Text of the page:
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Bush Board Launches Massive New Assault on Workers


Bush Board Launches Massive New Assault on Workers

Link to post at Change To Win Blog

With its term coming to an end, the Bush Administration’s craven fealty to the most extreme interests of corporate America is reaching unprecedented heights in agency rule making throughout the government. It is hard to believe that any is more egregious however than the massive assault on worker rights by the Bush majority on the National Labor Relations Board last month.

In the month of September alone, on the eve of the close of the fiscal year, the Bush NLRB issued 61, mostly anti-worker, decisions ## fully 20 percent of its total output of decisions for the year.

The National Labor Relations Board was established to encourage “the practice and procedure of collective bargaining” and to protect the “exercise by workers of full freedom of association, self-organization, and designation of representatives of their own choosing, for the purpose of negotiating the terms and conditions of their employment or other mutual aid and protection.”

We have said for years that the NLRB system is broken and has become a tool of corporate interests and not the worker interests it was supposed to serve. That is why the labor movement and its progressive allies are pushing to amend the law with the Employee Free Choice Act (EFCA). But the recent NLRB decisions say that the corporate Bush backers are not satisfied. They want the law completely eviscerated before Bush leaves office to make it even more difficult for a new President and Congress to address the problems of the denial of worker rights in America.

The onslaught of decisions that are a direct violation of the intent of the National Labor Relations Act that established the NLRB is particularly interesting given that more than half of the decisions were on cases that are over four years old. For an agency notorious in its use of delay as a way to deprive workers of their rights, the sudden spate of decisions suggests that the Bush Administration is in full court press mode and will use its last months in office to gut as much as it can in the area of worker, consumer, environmental, and other protections.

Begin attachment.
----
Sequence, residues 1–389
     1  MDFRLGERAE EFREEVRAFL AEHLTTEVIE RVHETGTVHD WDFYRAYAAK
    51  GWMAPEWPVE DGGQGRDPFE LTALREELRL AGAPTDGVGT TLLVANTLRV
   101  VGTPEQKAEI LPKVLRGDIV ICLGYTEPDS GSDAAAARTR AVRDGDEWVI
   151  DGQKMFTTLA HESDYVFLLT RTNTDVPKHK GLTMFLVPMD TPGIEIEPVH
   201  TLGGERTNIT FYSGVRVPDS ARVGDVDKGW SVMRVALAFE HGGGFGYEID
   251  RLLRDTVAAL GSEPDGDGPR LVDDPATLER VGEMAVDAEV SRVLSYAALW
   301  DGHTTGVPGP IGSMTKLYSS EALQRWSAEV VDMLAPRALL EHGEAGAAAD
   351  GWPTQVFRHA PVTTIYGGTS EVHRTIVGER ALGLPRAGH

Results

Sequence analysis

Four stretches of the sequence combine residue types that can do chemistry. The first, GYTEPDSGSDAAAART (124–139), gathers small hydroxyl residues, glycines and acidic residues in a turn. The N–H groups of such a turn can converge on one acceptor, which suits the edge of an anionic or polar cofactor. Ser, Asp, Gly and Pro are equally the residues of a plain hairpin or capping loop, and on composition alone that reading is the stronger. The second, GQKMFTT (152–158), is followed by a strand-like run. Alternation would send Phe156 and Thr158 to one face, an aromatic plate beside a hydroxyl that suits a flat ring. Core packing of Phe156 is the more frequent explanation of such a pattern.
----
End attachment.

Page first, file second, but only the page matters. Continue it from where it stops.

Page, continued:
This President has not only run roughshod over the Constitution, he has also destroyed the administrative rules by which our progressive laws have been enforced. And he plans on finishing the job before he leaves office. Labor, consumer, environmental, and other advocates for the American Dream need to link arms together to stop him.

Greg Tarpinian is the Executive Director of Change to Win.

UPDATE: Some readers have requested specific examples of decisions from this group that illustrate why they’re so bad. Here you go:

Harder to join a union, easier to get rid of a union

Dana Corp., 351 NLRB No. 28 (Sept. 29, 2007) – In its fervor to undermine majority sign-up - the right of a majority of workers to sign a card to express their desire to gain a voice on the job and join a union - the Board reversed 40 years of precedent and invented a new rule: even when more than 50% of the workers sign cards indicating they want a union and the employer respects that choice, a 30% minority of employees may, within 45 days of voluntary recognition, petition to decertify the union, prevent the parties from bargaining, and force employees to suffer through the NLRB’s lengthy and divisive election process. Adding insult to injury, the NLRB ruled that employers would henceforth be required to post notices making sure employees are aware of their rights to overturn the union’s representation, but the notice does not include any mention of employees’ right to form a union free from interference.
Wurtland Nursing and Rehabilitation Center, 351 NLRB No. 50 (Sept. 29, 2007) – The Board took the opposite view about the reliability of signing a card when it comes to getting rid of a union! In this case, the NLRB ruled that signatures on a petition were sufficient to get rid of an existing union and the Board rejected its own election process, arguing that employees who want to get rid of their union should not have to endure the delay involved in a decertification election. In Dana, the NLRB said that signature cards were not true indicators of employee support.
Harder for illegally fired workers to get back pay

St. George Warehouse, 351 NLRB No. 42 (Sept. 30, 2007) – The NLRB reversed 45 years of precedent and shifted burdens of proof onto illegally fired workers, making it harder for those workers to recover back pay.
The Grosvenor Resort, 350 NLRB No. 86 (Sept. 30, 2007) - The Board announced a new rule that workers who were found to have been illegally fired but who wait more than two weeks before giving up on getting their job back and looking for a new job work will be denied back pay for that period so as not to “reward idleness.”
Easier for Employers to Fire and Intimidate Union Supporters

BP Amoco Chemical-Chocolate Bayou, 351 NLRB No. 39 (Sept. 29, 2007) - The Board ruled that it was perfectly permissible for an employer to target union supporters for layoffs, and then to force them to sign release forms, as a condition to receiving severance pay, that prevented them or anyone else from challenging the legality of their termination.